Do you ever feel like your environmentalist friends are judging you for not being as "eco" as them? Does it make you feel annoyed and/or guilty? Don't worry, even environmentalists have their "thing" they really care about, but may be weak in other areas. For instance, some environmentalists are serious about recycling or organic food, but may not adhere to other environmentally friendly practices such as biking or taking public transportation. Being an environmentalist, or whatever you call someone who seeks to reduce his or her environmental footprint, isn't an all-or-nothing approach to life.How we integrate reducing our environmental impact is intrinsically tied to what we value: our health, mitigating climate change, saving money, creating a sense of community, etc. So don't worry about going 100% green overnight, try to focus instead on impacts that affect your life, and trust us there are tons. That being said, there are some habits that are beneficial to you no matter what you are motivated by; they also happen to be things that drive environmentalists crazy when ignored. Here is our list of habits that are easy to take on and will make even your most hard core environmentalist friend proud:
- Turn off the water when you don't really need it. It is easy to leave water running when brushing your teeth, shaving, and soaping dishes or your hands in the sink. However, the sound of water running is like nails on a chalkboard for environmentalists. This is especially true in California, where the drought is in its fourth year. Although many argue that agriculture and other commercial and industrial facilities are the main water use culprits, gratitude will be sent your way for every drop of water spared.
- Take a minute and read landfill/recycle/compost signs. We know waste diversion is confusing and it is extra confusing because different cities recycle different things and the majority of manufacturers don't include information on their products about how to dispose them. However, the more waste diverted from landfills the better, not only because landfills are filling up but also because they emit methane, a greenhouse gas with 25 times more global warming potential that carbon dioxide. Don't be embarrassed, it's OK to take an extra few seconds to read signs, think about it, and sort accordingly. Just ask someone if you are still unsure about what goes where.
- Don't let your parked car idle. When environmentalists hear an engine idling, we picture carbon emissions floating up into the atmosphere and smog getting thicker by the second. For every 10 minutes your engine is off, you'll prevent one pound of carbon dioxide from being released, and save money as well. Cars only need a few seconds of idling time before driving so just turn that key and go, and try to get in the habit of taking the key out as soon as you park.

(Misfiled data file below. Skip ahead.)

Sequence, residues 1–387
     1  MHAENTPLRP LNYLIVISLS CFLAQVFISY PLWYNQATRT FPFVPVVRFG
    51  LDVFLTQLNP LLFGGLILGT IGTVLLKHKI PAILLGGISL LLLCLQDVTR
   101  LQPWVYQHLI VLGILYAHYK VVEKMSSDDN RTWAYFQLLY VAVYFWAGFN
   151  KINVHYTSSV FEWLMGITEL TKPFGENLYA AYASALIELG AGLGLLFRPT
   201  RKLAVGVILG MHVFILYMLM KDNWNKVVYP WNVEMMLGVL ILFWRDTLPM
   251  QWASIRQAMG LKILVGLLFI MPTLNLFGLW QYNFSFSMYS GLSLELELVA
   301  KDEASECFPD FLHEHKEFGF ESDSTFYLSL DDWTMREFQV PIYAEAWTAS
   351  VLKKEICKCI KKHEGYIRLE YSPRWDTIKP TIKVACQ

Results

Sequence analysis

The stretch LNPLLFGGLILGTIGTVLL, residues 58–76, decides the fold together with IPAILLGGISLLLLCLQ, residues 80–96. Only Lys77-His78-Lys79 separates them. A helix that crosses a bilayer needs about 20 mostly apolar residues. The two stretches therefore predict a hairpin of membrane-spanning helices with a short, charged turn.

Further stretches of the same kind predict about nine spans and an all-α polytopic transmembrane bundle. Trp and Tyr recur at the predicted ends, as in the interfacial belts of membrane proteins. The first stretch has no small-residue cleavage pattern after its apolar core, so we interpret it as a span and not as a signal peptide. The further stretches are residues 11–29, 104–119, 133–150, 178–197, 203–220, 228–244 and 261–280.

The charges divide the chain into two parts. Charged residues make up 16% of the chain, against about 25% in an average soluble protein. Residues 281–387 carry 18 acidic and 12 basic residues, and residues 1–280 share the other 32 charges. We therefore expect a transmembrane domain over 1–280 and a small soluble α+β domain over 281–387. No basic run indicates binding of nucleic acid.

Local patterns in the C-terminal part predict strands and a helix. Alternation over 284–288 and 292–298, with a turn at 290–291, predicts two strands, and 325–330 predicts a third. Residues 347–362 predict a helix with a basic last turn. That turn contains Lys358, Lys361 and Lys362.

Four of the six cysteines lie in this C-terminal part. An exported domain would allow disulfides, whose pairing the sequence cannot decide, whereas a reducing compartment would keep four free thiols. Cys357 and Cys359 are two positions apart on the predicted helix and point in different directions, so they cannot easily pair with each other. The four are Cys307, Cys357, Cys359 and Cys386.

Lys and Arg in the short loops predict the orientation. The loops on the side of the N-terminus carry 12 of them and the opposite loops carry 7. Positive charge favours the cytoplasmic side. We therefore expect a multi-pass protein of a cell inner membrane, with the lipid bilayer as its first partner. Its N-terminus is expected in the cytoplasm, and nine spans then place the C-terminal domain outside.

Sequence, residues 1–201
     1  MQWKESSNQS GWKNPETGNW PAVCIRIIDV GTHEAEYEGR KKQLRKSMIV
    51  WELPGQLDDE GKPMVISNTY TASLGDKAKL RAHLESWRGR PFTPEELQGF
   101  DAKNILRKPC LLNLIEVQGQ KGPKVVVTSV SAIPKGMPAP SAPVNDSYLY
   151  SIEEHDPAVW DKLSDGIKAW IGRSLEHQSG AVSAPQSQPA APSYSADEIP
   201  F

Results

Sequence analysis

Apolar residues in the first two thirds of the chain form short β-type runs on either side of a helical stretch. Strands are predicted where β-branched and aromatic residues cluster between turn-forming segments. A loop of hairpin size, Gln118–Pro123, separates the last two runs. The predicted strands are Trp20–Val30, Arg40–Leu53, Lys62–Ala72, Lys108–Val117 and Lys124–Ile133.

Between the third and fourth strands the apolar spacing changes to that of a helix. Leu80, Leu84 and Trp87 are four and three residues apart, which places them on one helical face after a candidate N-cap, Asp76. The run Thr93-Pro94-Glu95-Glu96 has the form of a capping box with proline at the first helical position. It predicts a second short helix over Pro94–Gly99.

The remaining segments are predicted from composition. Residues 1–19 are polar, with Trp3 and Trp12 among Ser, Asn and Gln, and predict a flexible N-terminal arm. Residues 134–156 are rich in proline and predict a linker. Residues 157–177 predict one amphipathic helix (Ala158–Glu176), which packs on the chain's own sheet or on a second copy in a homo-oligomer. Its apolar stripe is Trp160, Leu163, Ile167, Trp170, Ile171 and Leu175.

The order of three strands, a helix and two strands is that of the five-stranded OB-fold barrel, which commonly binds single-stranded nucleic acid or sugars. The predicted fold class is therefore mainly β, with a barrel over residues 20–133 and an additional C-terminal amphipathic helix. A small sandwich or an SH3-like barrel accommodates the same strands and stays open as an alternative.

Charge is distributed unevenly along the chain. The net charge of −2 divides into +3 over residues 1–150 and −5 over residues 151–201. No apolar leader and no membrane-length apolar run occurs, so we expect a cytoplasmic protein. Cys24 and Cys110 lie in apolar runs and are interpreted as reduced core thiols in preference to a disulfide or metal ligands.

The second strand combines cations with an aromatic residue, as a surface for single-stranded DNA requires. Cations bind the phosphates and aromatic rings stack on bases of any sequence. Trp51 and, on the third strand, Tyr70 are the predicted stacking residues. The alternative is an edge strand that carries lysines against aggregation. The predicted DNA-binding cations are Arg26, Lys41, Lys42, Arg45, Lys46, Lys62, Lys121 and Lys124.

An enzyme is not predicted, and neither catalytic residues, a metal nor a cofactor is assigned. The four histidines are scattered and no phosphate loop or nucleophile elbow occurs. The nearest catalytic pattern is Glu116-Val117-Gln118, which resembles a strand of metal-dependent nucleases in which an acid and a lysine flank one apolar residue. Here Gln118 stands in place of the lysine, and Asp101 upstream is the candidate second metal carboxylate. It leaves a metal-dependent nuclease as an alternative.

- Only accept a plastic bag if you really need it. It's OK to tell a cashier at a store that you don't need a bag and then hand carry the items out. If they really think you stole it, you can just show them your receipt and a smile. Many cities have a small tax on bags and it does seem to motivate people to use them less -- not only by bringing reusable bags to the grocery store, but also to the drug store or when clothes shopping. If your city doesn't have a tax you can just get ahead of the game and help bring down the number of bags used by an average European or American each year, which is estimated to be about 500.
- Eat all your food. About 1/3 of the food produced worldwide is wasted with the majority ending up in landfills creating methane. Although the food waste problem is systematic, with food wasted at many points between producers and consumers, consumers are still responsible for their fair share of waste. In the U.S. consumers waste about 25% of the food they purchase. Check out this John Oliver clip for the full story. Food waste can be reduced through putting less weight on sell-by, best-by, and expiration dates (which are arbitrary anyways) and buying and putting on your plate only what you think you can eat.
- Unplug electronics or use a smart power strip. Electronic devices such as microwaves, TVs, and chargers for cell phones and computers draw electricity when they are plugged in, but aren't being used (standby power). The average American household spends $165 each year on this "vampire energy". The only way to stop this unnecessary energy use is to unplug the devices when not in use or use a smart power strip to cut off power drawn from multiple sources at once.
- Turn off the light. This one might be the worst for environmentalists because it is generally well-known that leaving lights on unnecessarily uses energy, but lights are still frequently on when they don't need to be, such as when you leave a room or during the day. Incandescent bulbs and LEDs should be turned off whenever you leave a room, but CFLs are a little more complicated with the general rule that if you are going to be out of a room for 15 minutes or less go ahead and leave it on. If you need a little more motivation, turning off unnecessary lights will reduce your electric bill. Win-Win!